I just adopted an adult cat three days ago from a shelter. They didn't know how old she was because she came in as a stray. If I had to guess she is 3-5 years old.

When we offer her food she won't eat it. We have tried a few kinds of wet food but in the last three days she has eaten maybe a total of one can of food. When we open a can she will run up and take two bites then so purring and walk away. She won't even eat treats or lunch meat. She has also thrown up twice but both times seem to have been in reaction to beef.

Do I just need to keep trying different kinds of food for her? Is this just a nervous reaction to a new environment? (She seems pretty calm and happy). At what point should I be worried?

  • You should contact the shelter immediately, the cat may need to be seen by their vet. Related Questions How often should cats eat? & How long can a healthy cat go without food? Commented Dec 11, 2015 at 15:21
  • Some cats prefer dry food. You may have better luck with that.
    – mhwombat
    Commented Dec 12, 2015 at 16:44
  • Did you ask the shelter what she ate while there? Commented Dec 13, 2015 at 3:25
  • Visit a vet ASAP, that first. Try to serve fresh chicken or steak, probably sliced, for every cat i had it worked as last resort. There are also ways to feed permanently fresh meat but it takes some effort.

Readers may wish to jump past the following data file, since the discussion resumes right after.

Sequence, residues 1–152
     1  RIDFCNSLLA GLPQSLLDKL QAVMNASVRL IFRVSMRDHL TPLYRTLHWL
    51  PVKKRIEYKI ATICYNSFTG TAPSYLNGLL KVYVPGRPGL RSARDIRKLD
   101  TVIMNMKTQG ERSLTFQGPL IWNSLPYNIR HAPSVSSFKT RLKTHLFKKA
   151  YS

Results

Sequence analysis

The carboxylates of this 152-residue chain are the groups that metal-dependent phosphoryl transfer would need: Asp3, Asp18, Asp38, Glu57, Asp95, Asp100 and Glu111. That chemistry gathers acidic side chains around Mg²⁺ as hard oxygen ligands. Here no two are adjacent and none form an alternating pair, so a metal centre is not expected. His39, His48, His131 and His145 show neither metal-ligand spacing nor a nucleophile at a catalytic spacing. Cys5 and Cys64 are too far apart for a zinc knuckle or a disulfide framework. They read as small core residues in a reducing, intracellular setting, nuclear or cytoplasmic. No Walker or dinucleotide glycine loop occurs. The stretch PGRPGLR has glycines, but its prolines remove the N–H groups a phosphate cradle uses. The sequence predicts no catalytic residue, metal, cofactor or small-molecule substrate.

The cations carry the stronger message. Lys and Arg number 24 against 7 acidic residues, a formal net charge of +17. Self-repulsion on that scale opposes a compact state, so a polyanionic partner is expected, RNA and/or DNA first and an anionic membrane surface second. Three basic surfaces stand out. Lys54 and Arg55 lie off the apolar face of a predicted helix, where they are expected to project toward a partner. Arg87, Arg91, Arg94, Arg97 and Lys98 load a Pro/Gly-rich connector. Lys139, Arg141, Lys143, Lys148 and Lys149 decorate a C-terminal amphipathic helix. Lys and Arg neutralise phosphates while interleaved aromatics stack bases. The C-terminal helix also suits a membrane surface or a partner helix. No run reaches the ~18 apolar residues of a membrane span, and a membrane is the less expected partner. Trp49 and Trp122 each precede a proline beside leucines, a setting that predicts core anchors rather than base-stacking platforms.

– Aurigae
    Commented Dec 13, 2015 at 5:55

1 Answer 1


It's a good idea to bring new pets straight to the vet in general. It may have been seen by a vet at the shelter already, but it's helpful for your vet at the least to have a record of what's healthy for your cat, and also it's possible for the cat to pick things up at the shelter, as it has many cats in close proximity. So take it to the vet and tell them you're concerned the cat has not been eating.

However, there are also cats that are very picky, or like to slowly "graze" on their food throughout the day. I suspect your cat is a "grazer" since "grazers" will often be interested when you first put new food down, and then nibble at it and wander off. In this case, keep trying foods to see if they seem to be particularly interested in one. Also, leave a constant supply out so your cat can nibble throughout the day.

Another trick is to get the cat's attention, pick the food bowl up, turn around so the cat cannot see the bowl, and then set it back down. Cats do not have object permanence, that is, the ability to understand that items out of view are still there, so when you take the bowl out of view, and then set it back down, the cat will think it's a new bowl, and it may then try nibbling at it some more.

  • Also consider calling the shelter and asking what brand of food they fed the cat. Buy that food and offer it to the cat. Then, over a week or so, you can gradually begin mixing in whatever food you prefer to feed the cat.
    – mhwombat
    Commented Dec 12, 2015 at 19:33

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